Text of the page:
New Delhi, Sep 9 IANS) While Britain has amended its laws to decriminalise defamation, in India the issue is still being debated with journalists often being harassed on the basis of libel, said experts here Monday.
According to journalist Aniruddha Bahal of online magazine cobrapost.com, defamation laws in India were used to harass journalists with cases slapped on them in courts in far off places in the country where they were forced to appear in person.
According to the law, a journalist or editor faced with a defamation case had to appear in person in court to give his or her defence.
“The court notices are issued from distant places and the journalist has to be present everywhere,” he said at a panel talk on ‘Decriminalising Defamation: Global Perspectives on Punishments for Speech’ held at the Press Club of India here.
Bahal said framing of charges can take from five to six years. “All this is used as a means to harass people,” said Bahal, who was involved in a sting exposing bribe-taking politicians.
Peter Noorlander, CEO of Media Legal Defence Initiative (MLDI), London, said Britain had decriminalised libel two years ago.
Earlier, London was known as the libel capital as it was very easy to slap libel cases. Powerful business houses from other countries would bring libel cases on websites, which were allowed to proceed in British courts.
Even scientists and artists were getting sued, he said. “The ability of companies to sue on libel was unlimited…and the damages were huge,” he said.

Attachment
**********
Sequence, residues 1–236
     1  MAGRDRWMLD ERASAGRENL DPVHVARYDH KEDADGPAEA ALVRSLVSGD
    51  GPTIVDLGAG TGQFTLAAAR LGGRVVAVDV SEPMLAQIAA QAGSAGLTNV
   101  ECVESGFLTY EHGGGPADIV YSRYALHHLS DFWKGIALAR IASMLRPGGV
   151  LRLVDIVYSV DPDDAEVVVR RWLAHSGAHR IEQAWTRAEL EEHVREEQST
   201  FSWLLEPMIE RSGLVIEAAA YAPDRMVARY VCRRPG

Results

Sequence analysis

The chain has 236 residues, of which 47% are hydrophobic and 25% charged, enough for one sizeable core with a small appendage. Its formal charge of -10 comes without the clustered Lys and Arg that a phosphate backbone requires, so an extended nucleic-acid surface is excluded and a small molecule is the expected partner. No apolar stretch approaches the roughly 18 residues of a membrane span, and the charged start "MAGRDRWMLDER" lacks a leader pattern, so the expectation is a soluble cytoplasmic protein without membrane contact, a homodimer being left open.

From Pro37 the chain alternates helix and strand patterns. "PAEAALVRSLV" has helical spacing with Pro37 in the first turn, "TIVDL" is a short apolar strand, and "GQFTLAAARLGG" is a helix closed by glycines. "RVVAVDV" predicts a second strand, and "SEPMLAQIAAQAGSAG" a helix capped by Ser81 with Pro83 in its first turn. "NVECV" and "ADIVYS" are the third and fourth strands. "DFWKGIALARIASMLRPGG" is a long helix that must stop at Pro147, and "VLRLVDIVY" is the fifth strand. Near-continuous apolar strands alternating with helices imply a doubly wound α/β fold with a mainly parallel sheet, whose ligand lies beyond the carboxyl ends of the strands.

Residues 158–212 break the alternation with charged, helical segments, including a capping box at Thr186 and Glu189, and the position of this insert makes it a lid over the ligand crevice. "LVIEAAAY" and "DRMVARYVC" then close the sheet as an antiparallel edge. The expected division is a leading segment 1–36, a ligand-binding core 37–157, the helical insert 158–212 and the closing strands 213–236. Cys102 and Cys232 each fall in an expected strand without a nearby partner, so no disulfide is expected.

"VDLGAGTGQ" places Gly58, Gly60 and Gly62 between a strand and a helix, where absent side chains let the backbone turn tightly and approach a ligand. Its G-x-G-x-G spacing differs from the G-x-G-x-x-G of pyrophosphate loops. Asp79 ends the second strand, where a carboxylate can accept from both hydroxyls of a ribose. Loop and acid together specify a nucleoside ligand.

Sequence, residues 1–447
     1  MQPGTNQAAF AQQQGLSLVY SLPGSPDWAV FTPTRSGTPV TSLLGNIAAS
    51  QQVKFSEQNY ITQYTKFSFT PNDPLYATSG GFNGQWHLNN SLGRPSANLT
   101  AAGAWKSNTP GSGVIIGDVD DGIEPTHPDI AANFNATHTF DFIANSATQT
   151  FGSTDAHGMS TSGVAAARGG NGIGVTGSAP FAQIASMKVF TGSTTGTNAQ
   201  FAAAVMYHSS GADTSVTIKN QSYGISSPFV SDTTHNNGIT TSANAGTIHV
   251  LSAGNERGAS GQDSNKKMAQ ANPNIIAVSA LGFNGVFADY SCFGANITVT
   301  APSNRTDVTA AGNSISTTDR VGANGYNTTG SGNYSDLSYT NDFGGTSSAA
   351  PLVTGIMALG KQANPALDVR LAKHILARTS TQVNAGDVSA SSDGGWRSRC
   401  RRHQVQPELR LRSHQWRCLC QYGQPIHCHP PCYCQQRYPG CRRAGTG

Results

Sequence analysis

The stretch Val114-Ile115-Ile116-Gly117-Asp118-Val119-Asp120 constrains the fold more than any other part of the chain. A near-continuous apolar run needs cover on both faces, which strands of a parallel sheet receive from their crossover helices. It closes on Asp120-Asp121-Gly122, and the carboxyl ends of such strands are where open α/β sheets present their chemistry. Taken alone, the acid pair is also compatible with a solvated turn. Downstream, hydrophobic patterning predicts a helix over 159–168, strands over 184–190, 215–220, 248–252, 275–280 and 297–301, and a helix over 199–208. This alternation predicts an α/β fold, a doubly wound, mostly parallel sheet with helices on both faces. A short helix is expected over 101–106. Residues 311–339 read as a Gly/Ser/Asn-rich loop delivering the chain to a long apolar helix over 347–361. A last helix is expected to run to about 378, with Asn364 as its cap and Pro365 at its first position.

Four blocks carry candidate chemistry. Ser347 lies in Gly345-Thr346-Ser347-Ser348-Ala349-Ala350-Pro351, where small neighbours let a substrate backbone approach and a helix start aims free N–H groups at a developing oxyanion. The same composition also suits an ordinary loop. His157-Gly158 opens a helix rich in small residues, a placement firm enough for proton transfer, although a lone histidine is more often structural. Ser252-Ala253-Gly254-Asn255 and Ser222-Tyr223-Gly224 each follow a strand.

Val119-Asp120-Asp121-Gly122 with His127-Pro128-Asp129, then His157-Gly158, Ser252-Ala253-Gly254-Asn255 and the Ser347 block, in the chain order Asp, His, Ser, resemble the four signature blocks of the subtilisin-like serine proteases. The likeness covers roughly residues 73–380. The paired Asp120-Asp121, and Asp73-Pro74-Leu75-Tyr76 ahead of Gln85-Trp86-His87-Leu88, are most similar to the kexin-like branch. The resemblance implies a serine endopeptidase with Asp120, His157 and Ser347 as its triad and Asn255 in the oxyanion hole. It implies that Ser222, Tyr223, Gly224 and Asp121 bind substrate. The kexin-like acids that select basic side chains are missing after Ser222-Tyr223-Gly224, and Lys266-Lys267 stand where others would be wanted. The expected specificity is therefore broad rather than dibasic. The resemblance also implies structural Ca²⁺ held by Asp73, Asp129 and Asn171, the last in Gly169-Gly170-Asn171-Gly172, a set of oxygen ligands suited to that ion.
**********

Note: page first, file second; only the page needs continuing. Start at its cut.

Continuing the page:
With the change in libel laws, things have changed. Now you can’t launch proceedings against any anybody – there has to be a British connection, he said.
The damages have also been limited, so people don’t have to face bankruptcy, he said.
He said there was a need to pull libel out of the criminal sphere and put it in an appropriate civil law environment.
Nani Jansen, an attorney with MLDI, related cases around the world of journalists being punished for libel for criticising the government despite the respective country having freedom of expression as part of its constitution.
This, she said, “underlines the need for reforming of legislation…there should be more room for criticism of public individuals, or libel can be used as an instrument of political oppression”, she said.
Chinmayi Arun, a research director with Centre for Communication Governance and assistant professor at the National Law University, related the case of actress Khusboo who was slapped with several cases over her comments on pre-marital sex.
She said there was a conflict between the freedom of expression and the right to reputation. While Khusboo had resources and could fight her case, a person with less resources would appear in a weak position, she added.
Paranjoy Guha Thakurta, president of the Foundation for Media Professionals, an independent journalist and an educator, said stories that need to be reported were not being reported due to fear of the libel law.
The discussion was organised by the Centre for Communication Governance at National Law University, Delhi, and Foundation for Media Professionals.